I would be pleased if you would post a description that you would fine easier to understand, or takes less number of times to read.
  Harbor Freight currently has a sale on the 3-bit step drill package for $9 instead of $13.
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shcbest

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Reply with quote  #6 
What do you use to cut the aluminum bars?
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profegross

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Reply with quote  #7 
My student says he used the cold saw from our Ag barn, but any saw with a blade designed to cut metal would do.
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ralsobrook

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Reply with quote  #8 
When using power tools, generally speaking, I was always taught in the machining world that any blade designed to cut wood would also work well for cutting 6061 aluminum at the same (or a little slower) cutting speed. I would be hesitant to use a jigsaw ( due to the tendency of the blade to bind in the material ), but a reciprocating saw, skill saw, table saw, band saw, miter saw, or a good old fashioned hack saw should do the trick. If you plan to use any saw with a circular blade, you might want to lightly coat either the blade or the material in wax to prevent pieces of the aluminum from getting stuck in the gullets ( spaces between the saw teeth ).
I hope I have been helpful, but don't just take my word for these methods. As always, if you are trying to do something that you think is potentially unsafe, or you are uncomfortable with, just find another way. 
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jgraber

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Reply with quote  #9 
I've had bad luck with a general purpose carbide tipped chop-saw blade in a chop saw.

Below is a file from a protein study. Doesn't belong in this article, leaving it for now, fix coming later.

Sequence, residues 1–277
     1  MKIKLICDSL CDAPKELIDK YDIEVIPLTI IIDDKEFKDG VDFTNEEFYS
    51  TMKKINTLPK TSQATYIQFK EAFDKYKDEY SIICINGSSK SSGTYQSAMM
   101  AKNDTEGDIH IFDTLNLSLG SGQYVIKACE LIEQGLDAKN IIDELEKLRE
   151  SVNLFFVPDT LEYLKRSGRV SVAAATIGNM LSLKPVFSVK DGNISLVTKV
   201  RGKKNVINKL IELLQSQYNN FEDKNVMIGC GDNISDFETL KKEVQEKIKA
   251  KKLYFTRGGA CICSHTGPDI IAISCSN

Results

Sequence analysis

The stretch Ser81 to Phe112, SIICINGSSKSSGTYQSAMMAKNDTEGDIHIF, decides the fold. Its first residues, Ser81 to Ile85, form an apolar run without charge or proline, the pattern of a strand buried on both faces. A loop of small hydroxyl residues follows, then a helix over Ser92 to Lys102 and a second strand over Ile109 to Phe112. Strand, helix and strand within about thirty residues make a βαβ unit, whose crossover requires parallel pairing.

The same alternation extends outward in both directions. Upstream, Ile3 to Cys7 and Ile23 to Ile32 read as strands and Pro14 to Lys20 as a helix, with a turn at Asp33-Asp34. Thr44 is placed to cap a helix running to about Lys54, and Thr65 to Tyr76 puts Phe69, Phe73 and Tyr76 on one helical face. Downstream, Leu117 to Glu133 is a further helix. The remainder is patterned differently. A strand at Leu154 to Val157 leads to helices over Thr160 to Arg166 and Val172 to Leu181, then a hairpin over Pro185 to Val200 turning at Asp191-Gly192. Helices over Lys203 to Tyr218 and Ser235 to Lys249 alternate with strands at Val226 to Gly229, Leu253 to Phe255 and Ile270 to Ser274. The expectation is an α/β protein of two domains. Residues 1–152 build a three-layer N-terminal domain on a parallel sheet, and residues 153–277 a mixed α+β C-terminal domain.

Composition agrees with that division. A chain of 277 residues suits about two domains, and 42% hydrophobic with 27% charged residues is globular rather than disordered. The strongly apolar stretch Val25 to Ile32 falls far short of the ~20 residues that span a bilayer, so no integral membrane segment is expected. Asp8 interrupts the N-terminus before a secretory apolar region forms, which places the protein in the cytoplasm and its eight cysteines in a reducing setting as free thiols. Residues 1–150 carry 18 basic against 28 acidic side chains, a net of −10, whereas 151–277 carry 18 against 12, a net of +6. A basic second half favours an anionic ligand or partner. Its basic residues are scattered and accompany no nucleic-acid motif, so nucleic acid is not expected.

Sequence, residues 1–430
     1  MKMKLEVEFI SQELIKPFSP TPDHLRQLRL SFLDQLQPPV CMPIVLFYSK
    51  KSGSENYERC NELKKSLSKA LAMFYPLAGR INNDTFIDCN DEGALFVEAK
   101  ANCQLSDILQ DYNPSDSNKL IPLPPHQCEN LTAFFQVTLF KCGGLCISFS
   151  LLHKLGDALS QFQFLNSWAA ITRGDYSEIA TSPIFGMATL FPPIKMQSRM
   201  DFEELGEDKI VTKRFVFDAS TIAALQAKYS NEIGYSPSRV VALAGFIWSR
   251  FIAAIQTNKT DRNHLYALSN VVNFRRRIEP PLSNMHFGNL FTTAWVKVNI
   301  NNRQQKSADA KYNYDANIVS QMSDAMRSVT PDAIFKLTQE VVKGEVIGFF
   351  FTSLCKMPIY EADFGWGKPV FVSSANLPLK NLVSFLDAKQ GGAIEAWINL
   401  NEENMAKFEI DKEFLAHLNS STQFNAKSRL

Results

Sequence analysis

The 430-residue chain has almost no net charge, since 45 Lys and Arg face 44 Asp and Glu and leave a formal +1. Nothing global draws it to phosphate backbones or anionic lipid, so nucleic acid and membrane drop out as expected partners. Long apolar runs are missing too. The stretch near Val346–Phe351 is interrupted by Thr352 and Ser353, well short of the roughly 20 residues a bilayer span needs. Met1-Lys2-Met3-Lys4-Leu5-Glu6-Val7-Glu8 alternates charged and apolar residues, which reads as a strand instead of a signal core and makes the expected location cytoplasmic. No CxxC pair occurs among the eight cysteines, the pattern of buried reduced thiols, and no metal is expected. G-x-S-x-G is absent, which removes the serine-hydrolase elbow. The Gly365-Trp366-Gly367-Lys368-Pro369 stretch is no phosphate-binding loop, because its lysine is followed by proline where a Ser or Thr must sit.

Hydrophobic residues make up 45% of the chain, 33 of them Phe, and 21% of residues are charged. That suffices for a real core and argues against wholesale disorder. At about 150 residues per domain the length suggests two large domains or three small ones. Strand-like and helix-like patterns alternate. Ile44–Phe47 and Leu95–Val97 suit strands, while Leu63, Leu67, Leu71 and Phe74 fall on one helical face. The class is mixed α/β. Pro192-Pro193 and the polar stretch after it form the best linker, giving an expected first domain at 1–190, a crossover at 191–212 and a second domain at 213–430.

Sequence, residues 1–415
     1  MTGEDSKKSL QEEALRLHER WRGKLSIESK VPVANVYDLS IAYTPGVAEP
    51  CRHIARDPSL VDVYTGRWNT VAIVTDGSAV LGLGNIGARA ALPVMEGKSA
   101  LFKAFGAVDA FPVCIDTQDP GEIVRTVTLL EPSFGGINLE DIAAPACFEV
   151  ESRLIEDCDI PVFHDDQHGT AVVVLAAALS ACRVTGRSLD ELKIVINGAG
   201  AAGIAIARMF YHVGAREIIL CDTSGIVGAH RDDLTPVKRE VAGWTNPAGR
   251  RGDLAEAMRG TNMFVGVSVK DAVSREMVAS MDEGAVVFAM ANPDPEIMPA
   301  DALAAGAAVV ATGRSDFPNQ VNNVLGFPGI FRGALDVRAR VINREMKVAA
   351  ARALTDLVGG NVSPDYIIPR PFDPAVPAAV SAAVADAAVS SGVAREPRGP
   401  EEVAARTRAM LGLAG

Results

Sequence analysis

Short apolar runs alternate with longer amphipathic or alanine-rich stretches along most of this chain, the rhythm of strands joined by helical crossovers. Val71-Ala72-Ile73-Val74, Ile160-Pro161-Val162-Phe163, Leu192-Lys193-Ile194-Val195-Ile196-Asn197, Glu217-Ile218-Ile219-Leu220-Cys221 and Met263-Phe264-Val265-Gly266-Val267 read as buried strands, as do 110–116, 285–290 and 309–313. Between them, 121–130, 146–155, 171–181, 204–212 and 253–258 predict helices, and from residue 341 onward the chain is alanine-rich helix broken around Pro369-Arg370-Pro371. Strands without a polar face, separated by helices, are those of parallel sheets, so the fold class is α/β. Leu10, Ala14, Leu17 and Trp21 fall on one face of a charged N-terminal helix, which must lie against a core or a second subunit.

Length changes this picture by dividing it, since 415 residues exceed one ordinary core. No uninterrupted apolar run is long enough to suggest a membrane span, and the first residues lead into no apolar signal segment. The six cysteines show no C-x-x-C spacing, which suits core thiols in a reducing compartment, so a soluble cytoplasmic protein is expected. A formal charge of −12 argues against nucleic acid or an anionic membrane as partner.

I've had reliable results with a Alumicut chop-saw blade:  triple-chip ground, zero rake angle;  but the chop saw generates a cloud of glitter.
This year, the build shop had a horizontal metal cutting band saw.  Compared the the chop saw, it was narrowerer kerf, quieter, cleaner, equally fast, but somewhat less precise.  It leaves a puddle of oily aluminum sludge, rather than a air-borne cloud of glitter.
Last year, we had a hack saw competition. two different teams were able to cut through the block in < 6 minutes with a 12-18t hacksaw.
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jgraber

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Reply with quote  #10 
Dallas BEST just had demo day on 10/29/2016, and I saw some different types of hubs.
- some like mine above
- some with threaded holes, some with phillips head plain steel screws
- some in the two piece style clamped together by a 1/4" threaded rod+2 nuts, on each side of the hole.
- One rookie team used a slice off the end of a 2x4 with a wood screw as a set-screw;  through some miscommunication, they missed kickoff afternoon build session.  
- One rookie team used  block of plywood with a cross nut and machine screw.   It is the best looking wooden hub I've seen.  It if works well on game day, it would be a good addition to my list of ideas for "Least Expensive robot".